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Oz cane toads stretch their legs

Invasion force's limbs getting longer

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There is chilling evidence that cane toads in Australia have responded to the challenge of conquering vast tracts of the Lucky Country by simply developing longer legs, Reuters reports.

Researchers at the University of Sydney reckon the adaption gives toads an advantage in moving swiftly into new areas in search of better food supplies. Researcher Richard Shine told Nature: "We find that toads with longer legs can not only move faster and are the first to arrive in new areas, but also that those at the front have longer legs than toads in older populations."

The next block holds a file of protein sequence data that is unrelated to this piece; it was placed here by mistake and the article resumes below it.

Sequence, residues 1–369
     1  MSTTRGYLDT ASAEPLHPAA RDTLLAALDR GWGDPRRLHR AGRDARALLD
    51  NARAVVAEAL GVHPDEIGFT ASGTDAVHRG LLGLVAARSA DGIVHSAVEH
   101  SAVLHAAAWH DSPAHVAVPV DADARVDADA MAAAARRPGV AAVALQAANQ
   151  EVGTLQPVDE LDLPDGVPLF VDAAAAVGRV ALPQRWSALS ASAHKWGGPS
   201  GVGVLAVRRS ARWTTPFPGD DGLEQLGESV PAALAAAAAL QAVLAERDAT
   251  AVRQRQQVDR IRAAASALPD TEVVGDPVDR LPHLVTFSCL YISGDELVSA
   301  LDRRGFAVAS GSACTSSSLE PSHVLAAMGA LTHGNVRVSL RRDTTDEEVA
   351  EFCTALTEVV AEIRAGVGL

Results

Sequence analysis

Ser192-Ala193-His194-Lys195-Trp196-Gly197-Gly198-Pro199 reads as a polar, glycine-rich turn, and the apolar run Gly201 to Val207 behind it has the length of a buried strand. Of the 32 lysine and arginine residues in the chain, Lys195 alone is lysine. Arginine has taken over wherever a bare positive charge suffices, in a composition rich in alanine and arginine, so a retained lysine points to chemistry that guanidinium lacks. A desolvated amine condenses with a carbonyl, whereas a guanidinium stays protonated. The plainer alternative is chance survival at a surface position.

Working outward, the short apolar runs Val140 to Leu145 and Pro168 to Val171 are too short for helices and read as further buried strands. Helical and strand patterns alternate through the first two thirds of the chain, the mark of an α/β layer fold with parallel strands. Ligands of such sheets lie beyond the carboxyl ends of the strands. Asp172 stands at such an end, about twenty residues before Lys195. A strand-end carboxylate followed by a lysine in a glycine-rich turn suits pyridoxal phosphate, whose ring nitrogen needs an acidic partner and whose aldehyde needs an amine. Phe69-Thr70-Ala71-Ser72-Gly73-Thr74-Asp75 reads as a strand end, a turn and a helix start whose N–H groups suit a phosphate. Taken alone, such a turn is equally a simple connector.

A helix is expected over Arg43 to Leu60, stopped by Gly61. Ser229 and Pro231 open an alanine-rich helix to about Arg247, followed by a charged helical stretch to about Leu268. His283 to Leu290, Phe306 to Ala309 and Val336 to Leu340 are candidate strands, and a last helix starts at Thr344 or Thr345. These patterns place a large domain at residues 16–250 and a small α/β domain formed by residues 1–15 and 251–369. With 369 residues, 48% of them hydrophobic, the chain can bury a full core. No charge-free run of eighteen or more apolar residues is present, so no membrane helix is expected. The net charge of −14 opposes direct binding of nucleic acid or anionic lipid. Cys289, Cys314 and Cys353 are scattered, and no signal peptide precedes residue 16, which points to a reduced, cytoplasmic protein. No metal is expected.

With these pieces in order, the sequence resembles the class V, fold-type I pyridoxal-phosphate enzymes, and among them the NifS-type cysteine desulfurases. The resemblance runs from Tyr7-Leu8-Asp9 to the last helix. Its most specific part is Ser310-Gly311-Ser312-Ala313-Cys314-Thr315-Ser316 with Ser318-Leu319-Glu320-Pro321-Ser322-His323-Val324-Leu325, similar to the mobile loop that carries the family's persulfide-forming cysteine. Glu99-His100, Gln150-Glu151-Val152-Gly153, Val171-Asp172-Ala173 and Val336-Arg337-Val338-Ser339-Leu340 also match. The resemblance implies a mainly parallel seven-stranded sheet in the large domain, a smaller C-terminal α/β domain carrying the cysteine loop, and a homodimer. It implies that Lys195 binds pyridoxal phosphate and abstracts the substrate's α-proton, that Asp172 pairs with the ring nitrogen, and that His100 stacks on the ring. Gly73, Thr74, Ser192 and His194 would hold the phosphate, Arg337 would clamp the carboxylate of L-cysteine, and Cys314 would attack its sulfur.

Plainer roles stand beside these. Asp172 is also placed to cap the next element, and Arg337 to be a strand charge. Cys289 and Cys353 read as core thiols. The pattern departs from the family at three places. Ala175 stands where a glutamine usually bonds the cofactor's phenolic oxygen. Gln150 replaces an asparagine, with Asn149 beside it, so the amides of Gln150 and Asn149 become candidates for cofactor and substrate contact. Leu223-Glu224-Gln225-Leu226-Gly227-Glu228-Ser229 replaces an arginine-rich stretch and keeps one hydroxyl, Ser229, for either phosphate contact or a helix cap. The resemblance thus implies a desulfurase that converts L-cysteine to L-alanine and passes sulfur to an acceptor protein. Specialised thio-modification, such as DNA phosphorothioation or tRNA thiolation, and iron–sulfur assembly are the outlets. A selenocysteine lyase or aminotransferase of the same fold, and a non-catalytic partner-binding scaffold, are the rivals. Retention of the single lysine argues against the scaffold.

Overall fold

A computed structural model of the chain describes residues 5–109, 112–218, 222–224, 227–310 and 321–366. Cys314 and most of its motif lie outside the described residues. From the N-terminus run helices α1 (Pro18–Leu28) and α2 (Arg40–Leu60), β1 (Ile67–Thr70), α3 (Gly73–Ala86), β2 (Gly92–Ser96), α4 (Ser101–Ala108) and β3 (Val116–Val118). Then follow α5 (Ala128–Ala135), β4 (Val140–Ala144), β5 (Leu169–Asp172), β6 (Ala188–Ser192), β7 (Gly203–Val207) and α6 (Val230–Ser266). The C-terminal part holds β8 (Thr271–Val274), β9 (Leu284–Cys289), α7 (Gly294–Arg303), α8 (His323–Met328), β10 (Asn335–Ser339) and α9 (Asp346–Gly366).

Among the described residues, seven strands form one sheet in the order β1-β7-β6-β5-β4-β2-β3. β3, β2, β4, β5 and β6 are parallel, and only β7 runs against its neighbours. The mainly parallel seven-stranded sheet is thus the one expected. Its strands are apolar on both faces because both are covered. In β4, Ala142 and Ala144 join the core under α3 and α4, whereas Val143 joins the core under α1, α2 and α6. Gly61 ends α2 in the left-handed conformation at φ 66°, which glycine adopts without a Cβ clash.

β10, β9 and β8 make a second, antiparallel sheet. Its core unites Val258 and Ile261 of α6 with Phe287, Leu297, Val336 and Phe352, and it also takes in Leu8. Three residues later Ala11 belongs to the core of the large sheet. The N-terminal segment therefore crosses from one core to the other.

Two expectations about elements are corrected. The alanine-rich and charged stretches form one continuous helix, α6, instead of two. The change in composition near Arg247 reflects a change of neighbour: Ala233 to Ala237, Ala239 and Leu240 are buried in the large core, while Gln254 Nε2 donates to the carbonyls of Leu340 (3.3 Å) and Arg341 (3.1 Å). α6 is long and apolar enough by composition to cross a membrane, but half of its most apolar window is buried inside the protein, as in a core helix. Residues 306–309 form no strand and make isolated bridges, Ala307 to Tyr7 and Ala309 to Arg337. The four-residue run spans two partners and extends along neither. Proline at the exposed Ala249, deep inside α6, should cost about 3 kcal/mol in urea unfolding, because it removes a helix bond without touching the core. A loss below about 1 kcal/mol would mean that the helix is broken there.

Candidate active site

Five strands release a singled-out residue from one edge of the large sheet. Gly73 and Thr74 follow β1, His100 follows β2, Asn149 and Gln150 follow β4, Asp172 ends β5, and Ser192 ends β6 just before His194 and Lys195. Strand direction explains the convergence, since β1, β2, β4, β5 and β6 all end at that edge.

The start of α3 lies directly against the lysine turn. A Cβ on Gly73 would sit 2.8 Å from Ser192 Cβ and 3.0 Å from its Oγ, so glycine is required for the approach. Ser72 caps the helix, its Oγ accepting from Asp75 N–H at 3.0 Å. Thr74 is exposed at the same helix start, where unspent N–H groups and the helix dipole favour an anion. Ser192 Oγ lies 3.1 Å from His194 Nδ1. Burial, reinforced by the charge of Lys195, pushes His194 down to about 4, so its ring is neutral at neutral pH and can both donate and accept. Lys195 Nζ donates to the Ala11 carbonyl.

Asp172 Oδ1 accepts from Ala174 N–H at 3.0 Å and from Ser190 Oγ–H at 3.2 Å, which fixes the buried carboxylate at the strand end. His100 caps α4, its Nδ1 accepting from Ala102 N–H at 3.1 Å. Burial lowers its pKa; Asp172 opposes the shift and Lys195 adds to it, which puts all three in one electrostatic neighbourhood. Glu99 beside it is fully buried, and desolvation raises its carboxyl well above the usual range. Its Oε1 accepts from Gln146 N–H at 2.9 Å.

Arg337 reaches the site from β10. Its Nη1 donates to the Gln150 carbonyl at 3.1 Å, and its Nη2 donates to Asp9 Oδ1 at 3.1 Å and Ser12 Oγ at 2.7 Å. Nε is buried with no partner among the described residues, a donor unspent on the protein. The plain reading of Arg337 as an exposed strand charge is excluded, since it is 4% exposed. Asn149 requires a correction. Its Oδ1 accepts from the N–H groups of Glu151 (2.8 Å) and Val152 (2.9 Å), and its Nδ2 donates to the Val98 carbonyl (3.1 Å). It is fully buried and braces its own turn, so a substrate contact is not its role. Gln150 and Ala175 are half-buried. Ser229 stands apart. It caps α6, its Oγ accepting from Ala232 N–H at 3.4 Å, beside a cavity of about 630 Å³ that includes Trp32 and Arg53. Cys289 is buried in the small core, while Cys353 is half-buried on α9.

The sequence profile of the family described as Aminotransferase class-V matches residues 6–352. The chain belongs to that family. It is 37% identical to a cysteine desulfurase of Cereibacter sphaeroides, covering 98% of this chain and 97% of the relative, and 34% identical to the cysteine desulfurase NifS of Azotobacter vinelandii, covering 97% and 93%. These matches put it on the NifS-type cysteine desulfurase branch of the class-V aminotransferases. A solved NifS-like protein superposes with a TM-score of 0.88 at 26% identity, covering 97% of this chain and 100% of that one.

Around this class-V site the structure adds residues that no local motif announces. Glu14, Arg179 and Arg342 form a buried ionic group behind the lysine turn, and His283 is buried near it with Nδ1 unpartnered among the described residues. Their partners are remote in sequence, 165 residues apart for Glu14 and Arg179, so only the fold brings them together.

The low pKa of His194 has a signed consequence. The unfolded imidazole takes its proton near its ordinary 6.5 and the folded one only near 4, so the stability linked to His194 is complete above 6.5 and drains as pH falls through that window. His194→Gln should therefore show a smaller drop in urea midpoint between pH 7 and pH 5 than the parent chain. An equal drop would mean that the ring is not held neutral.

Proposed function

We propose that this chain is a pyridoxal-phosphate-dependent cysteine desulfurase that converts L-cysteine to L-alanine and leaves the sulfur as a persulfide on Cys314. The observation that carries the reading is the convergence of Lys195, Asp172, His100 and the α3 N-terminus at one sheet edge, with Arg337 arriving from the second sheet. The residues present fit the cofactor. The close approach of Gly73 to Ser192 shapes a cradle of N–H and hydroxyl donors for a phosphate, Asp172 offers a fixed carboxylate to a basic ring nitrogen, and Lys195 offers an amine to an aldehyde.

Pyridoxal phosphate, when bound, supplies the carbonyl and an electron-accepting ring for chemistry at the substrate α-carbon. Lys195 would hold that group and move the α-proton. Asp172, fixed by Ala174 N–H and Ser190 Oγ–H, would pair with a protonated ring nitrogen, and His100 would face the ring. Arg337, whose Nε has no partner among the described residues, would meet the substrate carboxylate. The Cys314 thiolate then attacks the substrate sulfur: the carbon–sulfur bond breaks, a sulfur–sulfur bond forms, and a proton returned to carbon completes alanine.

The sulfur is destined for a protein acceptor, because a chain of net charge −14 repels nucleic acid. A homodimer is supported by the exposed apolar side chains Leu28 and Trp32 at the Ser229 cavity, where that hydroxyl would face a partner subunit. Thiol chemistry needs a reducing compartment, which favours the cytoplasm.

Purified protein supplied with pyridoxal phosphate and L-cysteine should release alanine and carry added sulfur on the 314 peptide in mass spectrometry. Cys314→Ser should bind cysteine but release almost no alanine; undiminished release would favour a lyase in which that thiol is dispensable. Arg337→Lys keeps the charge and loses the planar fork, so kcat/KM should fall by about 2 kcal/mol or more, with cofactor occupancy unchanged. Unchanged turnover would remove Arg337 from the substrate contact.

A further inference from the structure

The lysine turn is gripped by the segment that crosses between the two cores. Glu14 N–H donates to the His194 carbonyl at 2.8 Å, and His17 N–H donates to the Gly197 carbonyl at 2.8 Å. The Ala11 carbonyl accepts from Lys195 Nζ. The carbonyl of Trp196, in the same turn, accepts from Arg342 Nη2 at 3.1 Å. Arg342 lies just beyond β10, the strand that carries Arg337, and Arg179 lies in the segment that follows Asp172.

The toads "at the front" in this case - and the subject of the study - have penetrated to within 37 miles of the city of Darwin. The species was introduced into into Australia from Hawaii in the 1930s to fight the spread of cane beetles. Since then, it has advanced across Oz at up to 30 miles per year while swelling its population to 100m individuals.

The University of Sydney team warned that measures should be taken to stem the tide of cane toads "before [they] evolve into even more dangerous adversaries". ®

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